Tenji blocks
04 Apr

An Ode to Seiichi Miyake: The Inventor of Dome Tiles


On Monday, March 18th, Google Doodle featured the Japanese inventor of detectable dome tiles, Seiichi Miyake. His invention changed the world by empowering and protecting individuals with visual impairments to cross streets with greater ease. Fifty-two years have passed since the first dome tiles were installed, and these detectable warning tiles are now part of many cities throughout the world.

Aptly named tenji blocks, which roughly translates to Japanese Braille, these detectable dome tiles allow individuals with low or no vision to navigate cities and parks with confidence. Invented in 1965, the first blocks were installed in Okayama, Japan on March 18th, 1967 near a school for the blind. It wasn't long before these warning tiles became mandatory throughout Japan.
 
The United States started to install the tactile warning indicators on subway platforms in the 1990s in response to the Americans with Disabilities Act (ADA). By 2001, the detectable warnings were beginning to appear on sidewalk curb cuts too.
 
The detectable warning tiles are most often felt through pedestrian’s shoes, but they can also be sensed with a cane or trained guide dog. For colors, the blocks usually appear in a brilliant yellow but can also be in other colors as well.
 
Detectable warning tiles offer a variety of patterns to allow people with visual impairments to receive cues about the direction they should head. For example, raised lines can signify to move forward while dome tiles generally act as a tangible stop sign for people with low vision. These warning tiles can also indicate warnings for upcoming stairways ahead, directional changes, and more.
  

Tactile Sidewalk Paving

At maximum capacity, a crowded sidewalk becomes difficult to walk, especially if you’re a person with vision impairment. Some parts of the world have implemented tactile sidewalk paving to help pedestrians navigate. These sidewalk pavings are meant to help pedestrians understand when the path is changing direction or to help foot traffic keep moving.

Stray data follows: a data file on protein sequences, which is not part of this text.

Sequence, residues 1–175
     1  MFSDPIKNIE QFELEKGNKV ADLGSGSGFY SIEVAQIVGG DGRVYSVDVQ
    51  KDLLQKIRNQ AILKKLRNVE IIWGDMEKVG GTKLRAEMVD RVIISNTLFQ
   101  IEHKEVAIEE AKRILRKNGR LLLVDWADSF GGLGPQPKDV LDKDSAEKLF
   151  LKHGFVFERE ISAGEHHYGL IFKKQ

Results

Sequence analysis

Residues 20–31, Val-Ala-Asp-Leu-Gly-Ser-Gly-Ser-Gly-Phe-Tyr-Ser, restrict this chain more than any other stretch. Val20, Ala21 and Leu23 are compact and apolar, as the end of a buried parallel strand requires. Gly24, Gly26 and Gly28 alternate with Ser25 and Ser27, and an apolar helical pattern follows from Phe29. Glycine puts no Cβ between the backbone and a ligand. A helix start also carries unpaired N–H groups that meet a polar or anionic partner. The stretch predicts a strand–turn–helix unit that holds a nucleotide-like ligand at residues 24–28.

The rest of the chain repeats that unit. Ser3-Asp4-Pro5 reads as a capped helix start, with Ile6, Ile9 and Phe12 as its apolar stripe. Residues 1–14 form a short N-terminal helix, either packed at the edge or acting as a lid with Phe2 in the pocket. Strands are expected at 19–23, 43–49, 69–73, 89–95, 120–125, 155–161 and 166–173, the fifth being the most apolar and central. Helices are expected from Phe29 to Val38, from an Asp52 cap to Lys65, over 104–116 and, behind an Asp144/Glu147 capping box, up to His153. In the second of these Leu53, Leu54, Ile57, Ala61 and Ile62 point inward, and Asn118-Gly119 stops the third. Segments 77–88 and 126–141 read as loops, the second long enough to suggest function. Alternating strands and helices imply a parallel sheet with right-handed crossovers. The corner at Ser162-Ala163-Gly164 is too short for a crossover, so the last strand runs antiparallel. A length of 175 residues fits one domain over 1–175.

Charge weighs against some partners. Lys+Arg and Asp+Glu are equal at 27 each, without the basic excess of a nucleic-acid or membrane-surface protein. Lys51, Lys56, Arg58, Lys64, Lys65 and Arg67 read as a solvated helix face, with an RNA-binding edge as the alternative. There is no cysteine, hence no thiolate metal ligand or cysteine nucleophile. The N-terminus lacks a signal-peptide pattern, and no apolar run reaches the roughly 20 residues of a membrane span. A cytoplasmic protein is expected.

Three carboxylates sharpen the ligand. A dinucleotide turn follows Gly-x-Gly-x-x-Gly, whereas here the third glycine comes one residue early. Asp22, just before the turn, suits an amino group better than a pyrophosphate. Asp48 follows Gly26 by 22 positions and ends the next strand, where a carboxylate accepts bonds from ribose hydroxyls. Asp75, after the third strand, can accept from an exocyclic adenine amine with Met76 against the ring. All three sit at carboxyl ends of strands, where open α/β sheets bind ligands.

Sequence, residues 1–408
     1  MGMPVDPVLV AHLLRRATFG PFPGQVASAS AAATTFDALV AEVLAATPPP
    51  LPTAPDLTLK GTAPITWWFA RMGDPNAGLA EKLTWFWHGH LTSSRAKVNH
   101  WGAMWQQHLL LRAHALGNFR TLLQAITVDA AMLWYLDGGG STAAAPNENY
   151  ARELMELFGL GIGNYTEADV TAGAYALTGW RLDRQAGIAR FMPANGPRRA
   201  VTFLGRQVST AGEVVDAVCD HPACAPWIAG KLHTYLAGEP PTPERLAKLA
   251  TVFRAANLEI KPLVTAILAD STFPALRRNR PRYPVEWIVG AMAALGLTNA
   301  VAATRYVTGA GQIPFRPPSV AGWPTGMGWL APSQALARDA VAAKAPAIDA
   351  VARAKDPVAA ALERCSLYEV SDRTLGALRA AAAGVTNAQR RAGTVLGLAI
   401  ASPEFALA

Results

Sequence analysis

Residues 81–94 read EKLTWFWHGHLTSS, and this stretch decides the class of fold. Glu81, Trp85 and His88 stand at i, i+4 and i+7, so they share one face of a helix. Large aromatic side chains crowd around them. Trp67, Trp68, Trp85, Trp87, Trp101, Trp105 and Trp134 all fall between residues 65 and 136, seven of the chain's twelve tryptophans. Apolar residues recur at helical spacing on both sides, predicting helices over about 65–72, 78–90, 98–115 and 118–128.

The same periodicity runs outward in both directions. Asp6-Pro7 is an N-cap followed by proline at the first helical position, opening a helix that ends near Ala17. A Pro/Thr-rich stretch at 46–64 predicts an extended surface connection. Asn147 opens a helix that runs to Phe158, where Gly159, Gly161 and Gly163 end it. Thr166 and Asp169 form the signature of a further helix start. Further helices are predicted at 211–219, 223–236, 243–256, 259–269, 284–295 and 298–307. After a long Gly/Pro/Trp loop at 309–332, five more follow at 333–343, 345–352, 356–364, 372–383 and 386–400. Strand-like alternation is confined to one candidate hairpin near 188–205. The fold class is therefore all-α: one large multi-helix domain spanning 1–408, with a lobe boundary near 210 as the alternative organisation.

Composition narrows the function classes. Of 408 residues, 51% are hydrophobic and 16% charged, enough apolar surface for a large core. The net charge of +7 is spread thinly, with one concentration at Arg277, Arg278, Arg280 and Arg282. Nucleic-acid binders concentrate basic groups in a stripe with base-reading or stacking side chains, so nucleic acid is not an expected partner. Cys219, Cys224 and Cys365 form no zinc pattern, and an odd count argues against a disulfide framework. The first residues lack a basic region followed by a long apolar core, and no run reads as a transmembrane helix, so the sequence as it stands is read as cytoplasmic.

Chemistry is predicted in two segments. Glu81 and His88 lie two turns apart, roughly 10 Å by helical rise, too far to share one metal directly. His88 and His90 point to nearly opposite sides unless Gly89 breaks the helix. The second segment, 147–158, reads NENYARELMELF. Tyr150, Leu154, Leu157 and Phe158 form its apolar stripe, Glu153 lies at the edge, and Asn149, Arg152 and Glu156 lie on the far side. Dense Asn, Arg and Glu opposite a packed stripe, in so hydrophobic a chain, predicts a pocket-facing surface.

Corduroy Paving

Stairs can be dangerous to people with visual impairments, especially if they come without warning. Horizontal 3D lines, termed “corduroy paving,” are placed at the top and bottom of staircases to warn people with vision impairments of the staircase. In some cases, these lines may even inform people with low vision the height of a flight of stairs.
 

Public Transportation Markings

To help pedestrians recognize where buses or trams stop to pick up and drop off people, detectable warning tiles provide a perfect tangible sign. The pavement not only denotes where the public transport vehicle will stop, but it also ensures that pedestrians are at a safe distance from the moving vehicle.  

Train Station Platforms

Train station platforms are outfitted with detectable dome tiles, whether the platform is above or below ground. These detectable dome tiles are almost identical to the tenji blocks that Miyake invented years ago. The pattern is offset domes. For everyone, they indicate the area of the platform that is too close to the edge, and they also remind pedestrians to watch the gap between the platform and train.
 
At StrongGo, our TekWay ADA dome tiles meet all ADA standards and provide a wide selection of possibilities in size and color for all modes of intermodal transportation projects including buses, trains and streetcars. We also offer our architectural series that allows more freedom in design for your project as well as options for sidewalks and curb ramps. To find out more, send us an email at csd@stronggo.com.